Province sues over death of disabled teen who fell while being hoisted from sailboat

The provincial government has launched a civil suit in B.C. Supreme Court against the Disabled Sailing Association, the federal government and others related to the death last year of a disabled teenager.

On the afternoon of June 21, 2018, Gabriel Pollard, 16, who had a severe form of muscular dystrophy and was unable to use his legs and barely able to use his arms, was being hoisted out of a small sailboat in a hand-winch marine sling and lift when the lift, sling or both broke loose.

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Gabriel fell onto the sailboat, then into the water. He was transported by ambulance to Victoria General Hospital, where he was pronounced dead, according to his mother, Carrie Pollard, who said she saw it all and has filed her own lawsuit.

The incident happened on a dock off federal land at Munroe Head used by the Canadian Forces Sailing Association, as well as the Disabled Sailing Association, a separate organization.

The dock is near Maplebank Road, adjacent to the Songhees Nation, in Esquimalt.

In court documents, the province says Gabriel succumbed to injuries from being dropped from the lift or sling and from being in the water “for some time.”

The province is suing for compensation for health-care costs related to Gabriel’s injuries.

Named defendants include the Victoria branch of the Disabled Sailing Association of B.C., Victoria Integration Society, Recreation Integration Victoria, Canadian Forces Sailing Association, the Department of National Defence, the Attorney General of Canada and employees of the sailing association branch or VIS/RIV, referred to as John Doe No. 1 and No. 2.

“As a result of the aforesaid negligence of the defendants, singly or together, the province has suffered damages for the costs of the past health care services rendered to Gabriel,” the province says in court documents.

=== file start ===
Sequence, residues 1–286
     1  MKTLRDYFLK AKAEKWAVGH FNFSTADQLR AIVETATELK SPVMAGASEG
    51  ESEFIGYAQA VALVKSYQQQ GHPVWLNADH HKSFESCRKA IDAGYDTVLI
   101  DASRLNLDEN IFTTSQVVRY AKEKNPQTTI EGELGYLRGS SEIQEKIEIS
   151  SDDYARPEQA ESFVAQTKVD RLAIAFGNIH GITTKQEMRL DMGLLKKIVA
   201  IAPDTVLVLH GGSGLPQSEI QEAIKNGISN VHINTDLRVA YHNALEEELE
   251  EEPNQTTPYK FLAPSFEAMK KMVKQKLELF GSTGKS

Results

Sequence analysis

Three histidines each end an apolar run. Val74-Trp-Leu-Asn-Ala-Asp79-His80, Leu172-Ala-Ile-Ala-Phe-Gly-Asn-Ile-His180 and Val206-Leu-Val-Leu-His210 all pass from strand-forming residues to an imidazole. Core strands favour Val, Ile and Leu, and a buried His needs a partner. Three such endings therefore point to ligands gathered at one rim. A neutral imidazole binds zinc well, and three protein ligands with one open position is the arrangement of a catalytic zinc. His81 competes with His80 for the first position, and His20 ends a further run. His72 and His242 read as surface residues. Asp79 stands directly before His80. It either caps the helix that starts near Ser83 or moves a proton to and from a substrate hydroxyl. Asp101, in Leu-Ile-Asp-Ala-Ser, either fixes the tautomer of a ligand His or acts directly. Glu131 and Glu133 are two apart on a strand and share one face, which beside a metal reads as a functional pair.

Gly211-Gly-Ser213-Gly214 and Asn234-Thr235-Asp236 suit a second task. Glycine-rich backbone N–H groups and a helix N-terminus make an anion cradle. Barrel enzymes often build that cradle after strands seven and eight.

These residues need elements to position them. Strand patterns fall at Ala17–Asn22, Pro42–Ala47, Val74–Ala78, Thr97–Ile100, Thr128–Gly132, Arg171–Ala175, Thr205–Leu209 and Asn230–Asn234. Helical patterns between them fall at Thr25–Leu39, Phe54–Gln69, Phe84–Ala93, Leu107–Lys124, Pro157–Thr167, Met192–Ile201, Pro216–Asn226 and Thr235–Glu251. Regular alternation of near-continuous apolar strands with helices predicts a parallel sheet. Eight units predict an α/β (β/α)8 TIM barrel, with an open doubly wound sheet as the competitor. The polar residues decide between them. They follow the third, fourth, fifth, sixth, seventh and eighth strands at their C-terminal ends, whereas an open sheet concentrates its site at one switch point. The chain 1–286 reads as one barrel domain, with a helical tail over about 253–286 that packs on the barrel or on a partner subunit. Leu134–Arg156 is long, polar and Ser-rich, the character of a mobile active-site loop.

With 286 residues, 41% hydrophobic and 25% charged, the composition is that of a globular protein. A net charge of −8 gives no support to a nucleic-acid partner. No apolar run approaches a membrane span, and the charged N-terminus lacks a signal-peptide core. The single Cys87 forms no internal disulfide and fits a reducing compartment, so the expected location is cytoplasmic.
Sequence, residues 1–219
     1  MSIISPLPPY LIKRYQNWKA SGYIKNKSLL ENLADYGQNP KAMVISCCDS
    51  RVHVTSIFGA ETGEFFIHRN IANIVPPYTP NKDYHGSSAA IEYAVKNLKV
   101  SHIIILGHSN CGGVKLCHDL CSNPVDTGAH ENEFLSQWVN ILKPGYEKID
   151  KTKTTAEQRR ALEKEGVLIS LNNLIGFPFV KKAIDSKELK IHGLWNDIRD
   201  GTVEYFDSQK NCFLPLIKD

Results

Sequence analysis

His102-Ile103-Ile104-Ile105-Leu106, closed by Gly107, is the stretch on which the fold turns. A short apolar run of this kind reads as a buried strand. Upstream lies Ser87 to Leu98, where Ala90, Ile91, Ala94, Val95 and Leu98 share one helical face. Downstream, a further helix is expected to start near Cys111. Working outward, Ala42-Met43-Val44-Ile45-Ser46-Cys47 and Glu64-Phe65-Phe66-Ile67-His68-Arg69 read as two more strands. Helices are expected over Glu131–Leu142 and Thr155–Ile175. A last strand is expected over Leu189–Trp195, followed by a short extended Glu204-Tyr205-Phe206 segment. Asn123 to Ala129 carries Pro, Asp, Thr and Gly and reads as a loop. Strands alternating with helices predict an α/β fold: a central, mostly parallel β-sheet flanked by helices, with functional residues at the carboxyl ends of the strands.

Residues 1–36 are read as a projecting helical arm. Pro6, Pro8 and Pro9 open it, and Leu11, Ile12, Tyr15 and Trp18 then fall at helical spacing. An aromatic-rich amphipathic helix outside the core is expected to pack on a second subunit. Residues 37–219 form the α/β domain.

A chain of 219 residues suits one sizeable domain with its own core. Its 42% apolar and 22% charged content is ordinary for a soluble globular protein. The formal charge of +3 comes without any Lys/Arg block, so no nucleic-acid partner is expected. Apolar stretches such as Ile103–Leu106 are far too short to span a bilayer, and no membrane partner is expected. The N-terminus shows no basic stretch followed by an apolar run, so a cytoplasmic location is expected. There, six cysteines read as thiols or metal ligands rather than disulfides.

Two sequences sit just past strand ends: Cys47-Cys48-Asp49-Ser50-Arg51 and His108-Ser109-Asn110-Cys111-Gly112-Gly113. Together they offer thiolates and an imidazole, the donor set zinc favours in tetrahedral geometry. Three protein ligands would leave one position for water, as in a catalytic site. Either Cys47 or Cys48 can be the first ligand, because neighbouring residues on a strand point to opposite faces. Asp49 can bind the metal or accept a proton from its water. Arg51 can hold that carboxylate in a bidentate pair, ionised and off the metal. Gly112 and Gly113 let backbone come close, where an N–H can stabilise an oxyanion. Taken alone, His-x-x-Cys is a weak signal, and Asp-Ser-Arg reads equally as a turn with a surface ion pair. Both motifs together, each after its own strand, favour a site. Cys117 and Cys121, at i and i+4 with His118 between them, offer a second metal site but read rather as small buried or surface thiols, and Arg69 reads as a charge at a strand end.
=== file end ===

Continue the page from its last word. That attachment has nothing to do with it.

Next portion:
The lawsuit follows a suit filed on Oct. 26, 2018, by his mother, Carrie Pollard, who is seeking damages for pain and suffering, loss of income and care and companionship, health-care costs and special damages.

The claim says Pollard has suffered shock, post-traumatic stress disorder, nightmares and depression. Named defendants are the same as in the province’s suit, although the Department of National Defence was later dropped.

Court documents note that Pollard saw her son fall and strike the sailboat, then fall into the water and struggle while awaiting rescue.

She claims the defendants were negligent in failing to provide a proper and safe lift in good mechanical order for the use of disabled sailors; in modifying the lift/sling in a manner that did not comply with the manufacturer’s standards; in failing to have emergency training in place for staff, particularly in how to rescue a disabled sailor from the water; in failing to provide appropriate personal flotation devices, particularly PFDs that would keep a disabled sailor’s head above water.

On Aug. 19, the Victoria Integration Society and Recreation Integration Victoria, which co-ordinates recreation services for people with disabilities, responded to the civil claim by Pollard. They denied many of the claims, saying they did not have care or control of the “premises” and that they were not responsible for the supervision or training of any of the individuals who ran the sailing activities.

Other allegations were outside their knowledge, say court documents.

None of the allegations in either lawsuit have been proven in court.

ceharnett@timescolonist.com

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